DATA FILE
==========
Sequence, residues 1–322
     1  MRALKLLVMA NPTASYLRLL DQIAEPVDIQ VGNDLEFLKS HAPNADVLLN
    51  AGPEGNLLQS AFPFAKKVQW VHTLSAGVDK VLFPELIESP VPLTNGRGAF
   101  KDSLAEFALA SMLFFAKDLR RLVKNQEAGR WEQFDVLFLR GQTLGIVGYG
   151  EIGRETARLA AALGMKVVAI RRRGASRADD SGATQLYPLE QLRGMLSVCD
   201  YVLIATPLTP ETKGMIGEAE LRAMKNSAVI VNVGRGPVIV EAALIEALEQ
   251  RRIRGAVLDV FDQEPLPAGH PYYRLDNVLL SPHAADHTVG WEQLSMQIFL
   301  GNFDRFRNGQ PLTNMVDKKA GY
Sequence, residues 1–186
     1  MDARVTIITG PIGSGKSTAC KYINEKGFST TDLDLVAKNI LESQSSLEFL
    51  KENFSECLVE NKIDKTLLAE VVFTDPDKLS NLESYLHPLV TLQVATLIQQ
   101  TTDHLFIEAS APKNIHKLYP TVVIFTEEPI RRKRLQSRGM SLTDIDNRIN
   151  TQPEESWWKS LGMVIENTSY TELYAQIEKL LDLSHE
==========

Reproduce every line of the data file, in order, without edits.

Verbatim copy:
Sequence, residues 1–322
     1  MRALKLLVMA NPTASYLRLL DQIAEPVDIQ VGNDLEFLKS HAPNADVLLN
    51  AGPEGNLLQS AFPFAKKVQW VHTLSAGVDK VLFPELIESP VPLTNGRGAF
   101  KDSLAEFALA SMLFFAKDLR RLVKNQEAGR WEQFDVLFLR GQTLGIVGYG
   151  EIGRETARLA AALGMKVVAI RRRGASRADD SGATQLYPLE QLRGMLSVCD
   201  YVLIATPLTP ETKGMIGEAE LRAMKNSAVI VNVGRGPVIV EAALIEALEQ
   251  RRIRGAVLDV FDQEPLPAGH PYYRLDNVLL SPHAADHTVG WEQLSMQIFL
   301  GNFDRFRNGQ PLTNMVDKKA GY
Sequence, residues 1–186
     1  MDARVTIITG PIGSGKSTAC KYINEKGFST TDLDLVAKNI LESQSSLEFL
    51  KENFSECLVE NKIDKTLLAE VVFTDPDKLS NLESYLHPLV TLQVATLIQQ
   101  TTDHLFIEAS APKNIHKLYP TVVIFTEEPI RRKRLQSRGM SLTDIDNRIN
   151  TQPEESWWKS LGMVIENTSY TELYAQIEKL LDLSHE